AMRLEP course has been an intensive course about the threat of antimicrobial resistance on the global health system. We were introduced to how the resistance to antibiotics arises, how this affects the health system and how the increase in resistance can be slowed down to preserve the integrity of antimicrobial drugs. Experts in antimicrobial resistance described the antimicrobial threat as a silent tsunami due to a threat it poses to global health. Action needs to be taken by all stakeholders today to stop this growing threat. Antimicrobial resistance causes bot economic and health burden to the world and it is no longer a future threat because it is already here. We were also given personal experiences about AMR in the field and the importance of surveillance.
In addition to antibiotic use in animals, we were introduced to the one-health approach whereby all the things in the environment affect each other. Therefore there is need for optimal and careful use in animals to control the growing threat of resistance. We also learnt about the gap in innovation of antibiotics and the dilemma of access and excess which is a common scene in low and middle income countries. With the gap in innovation, there is need for new business models addressing antibiotic resistance and need for securing access while reducing excess.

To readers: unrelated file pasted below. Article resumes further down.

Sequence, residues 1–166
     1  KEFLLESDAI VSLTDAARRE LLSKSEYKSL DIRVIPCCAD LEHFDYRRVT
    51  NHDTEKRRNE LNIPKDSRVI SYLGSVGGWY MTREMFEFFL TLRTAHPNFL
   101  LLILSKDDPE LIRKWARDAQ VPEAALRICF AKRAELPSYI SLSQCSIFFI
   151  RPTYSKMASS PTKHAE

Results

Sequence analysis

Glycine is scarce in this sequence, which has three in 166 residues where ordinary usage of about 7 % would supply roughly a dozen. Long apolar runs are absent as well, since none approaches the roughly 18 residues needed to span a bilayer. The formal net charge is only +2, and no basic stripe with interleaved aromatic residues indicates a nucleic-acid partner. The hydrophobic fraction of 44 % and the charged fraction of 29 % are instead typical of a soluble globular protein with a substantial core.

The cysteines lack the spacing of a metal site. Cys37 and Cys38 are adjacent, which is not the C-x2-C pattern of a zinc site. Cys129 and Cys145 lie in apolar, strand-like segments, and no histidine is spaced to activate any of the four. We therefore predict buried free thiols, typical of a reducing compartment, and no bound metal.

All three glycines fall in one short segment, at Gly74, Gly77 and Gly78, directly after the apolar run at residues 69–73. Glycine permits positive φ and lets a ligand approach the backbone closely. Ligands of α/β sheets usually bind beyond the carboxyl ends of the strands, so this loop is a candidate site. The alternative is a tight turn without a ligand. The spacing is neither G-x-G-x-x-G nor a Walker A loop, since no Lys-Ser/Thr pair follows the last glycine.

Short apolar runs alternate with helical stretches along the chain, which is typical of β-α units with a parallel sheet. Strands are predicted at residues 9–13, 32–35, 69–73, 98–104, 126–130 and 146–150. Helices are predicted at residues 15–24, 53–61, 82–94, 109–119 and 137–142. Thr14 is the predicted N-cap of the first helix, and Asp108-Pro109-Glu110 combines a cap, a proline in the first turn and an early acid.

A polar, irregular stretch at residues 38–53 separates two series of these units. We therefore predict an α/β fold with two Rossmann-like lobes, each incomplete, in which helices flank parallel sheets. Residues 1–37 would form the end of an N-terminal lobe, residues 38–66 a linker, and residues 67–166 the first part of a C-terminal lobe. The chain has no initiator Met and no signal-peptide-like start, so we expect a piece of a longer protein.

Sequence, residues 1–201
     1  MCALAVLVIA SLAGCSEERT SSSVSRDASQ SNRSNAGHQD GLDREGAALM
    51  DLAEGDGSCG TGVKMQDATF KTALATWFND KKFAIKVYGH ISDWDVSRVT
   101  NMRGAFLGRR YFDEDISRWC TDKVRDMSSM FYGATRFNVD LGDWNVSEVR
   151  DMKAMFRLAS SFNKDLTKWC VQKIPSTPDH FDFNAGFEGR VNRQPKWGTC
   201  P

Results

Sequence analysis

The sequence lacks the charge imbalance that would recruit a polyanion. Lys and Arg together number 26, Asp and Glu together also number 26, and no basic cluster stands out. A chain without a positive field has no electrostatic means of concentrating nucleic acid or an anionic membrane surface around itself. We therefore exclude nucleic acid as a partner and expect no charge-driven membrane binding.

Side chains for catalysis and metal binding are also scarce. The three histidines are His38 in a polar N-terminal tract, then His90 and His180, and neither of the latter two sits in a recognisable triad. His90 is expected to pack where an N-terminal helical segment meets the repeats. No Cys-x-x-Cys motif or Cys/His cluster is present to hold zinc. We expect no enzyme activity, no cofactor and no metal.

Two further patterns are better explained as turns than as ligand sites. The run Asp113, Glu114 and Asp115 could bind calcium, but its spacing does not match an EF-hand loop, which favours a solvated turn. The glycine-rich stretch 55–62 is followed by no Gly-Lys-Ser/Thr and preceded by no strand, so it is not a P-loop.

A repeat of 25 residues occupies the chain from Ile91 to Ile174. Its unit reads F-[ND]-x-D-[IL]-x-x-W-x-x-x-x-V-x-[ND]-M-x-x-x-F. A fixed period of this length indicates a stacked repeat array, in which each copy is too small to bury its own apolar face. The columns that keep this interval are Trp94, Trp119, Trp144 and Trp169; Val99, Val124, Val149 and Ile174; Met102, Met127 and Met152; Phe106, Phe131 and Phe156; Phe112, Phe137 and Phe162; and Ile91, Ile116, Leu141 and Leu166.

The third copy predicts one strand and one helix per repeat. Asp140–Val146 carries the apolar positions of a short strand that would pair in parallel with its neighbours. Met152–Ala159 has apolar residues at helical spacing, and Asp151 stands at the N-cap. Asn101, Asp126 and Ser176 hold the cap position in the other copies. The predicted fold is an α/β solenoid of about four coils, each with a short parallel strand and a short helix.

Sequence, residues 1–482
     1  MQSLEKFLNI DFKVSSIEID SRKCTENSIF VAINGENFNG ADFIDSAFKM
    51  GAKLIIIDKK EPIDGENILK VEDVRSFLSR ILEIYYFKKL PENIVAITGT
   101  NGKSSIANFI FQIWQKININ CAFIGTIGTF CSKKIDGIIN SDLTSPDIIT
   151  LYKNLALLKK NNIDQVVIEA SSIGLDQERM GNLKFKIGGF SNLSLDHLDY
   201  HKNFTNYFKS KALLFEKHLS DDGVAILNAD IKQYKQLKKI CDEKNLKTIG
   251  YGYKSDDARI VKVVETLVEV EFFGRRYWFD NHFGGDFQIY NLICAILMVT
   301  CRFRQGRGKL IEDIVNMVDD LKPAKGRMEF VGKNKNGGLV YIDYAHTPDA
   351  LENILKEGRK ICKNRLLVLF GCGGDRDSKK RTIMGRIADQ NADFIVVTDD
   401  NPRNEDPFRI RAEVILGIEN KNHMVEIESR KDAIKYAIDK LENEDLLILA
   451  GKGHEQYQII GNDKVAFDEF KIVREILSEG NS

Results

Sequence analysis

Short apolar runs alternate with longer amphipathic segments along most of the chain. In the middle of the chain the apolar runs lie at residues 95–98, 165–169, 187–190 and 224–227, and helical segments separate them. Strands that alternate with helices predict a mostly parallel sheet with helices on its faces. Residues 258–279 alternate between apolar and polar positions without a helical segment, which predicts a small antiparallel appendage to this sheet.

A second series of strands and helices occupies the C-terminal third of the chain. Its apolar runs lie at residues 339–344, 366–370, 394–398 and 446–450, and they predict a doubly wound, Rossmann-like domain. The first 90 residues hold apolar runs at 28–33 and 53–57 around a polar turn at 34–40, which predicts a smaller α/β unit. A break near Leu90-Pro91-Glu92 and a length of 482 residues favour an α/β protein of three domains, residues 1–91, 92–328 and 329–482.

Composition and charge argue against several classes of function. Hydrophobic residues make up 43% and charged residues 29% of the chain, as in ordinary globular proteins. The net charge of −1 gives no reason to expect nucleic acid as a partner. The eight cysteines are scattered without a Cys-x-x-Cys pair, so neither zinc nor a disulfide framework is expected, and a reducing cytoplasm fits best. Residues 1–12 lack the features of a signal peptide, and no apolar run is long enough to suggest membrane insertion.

We talked about challenges and opportunities for the future and the global initiatives to fight antibiotic resistance and what can be done. The course generally involved a lot of discussions and student led sessions whereby we were distributed into groups randomly and given cases and topics to discuss and each group had to present to the whole class. These interactive discussions enable each one of us to be involved in the course and learning at a personal and individual level.
This course has opened my eyes to a role I can play as a young pharmacy student in tackling the threat of AMR. As a young person, I can spread awareness about AMR in the community to inform the people about the growing threat of AMR. I can also apply my pharmaceutical knowledge into advising patients and other people about optimal and careful use of antibiotics.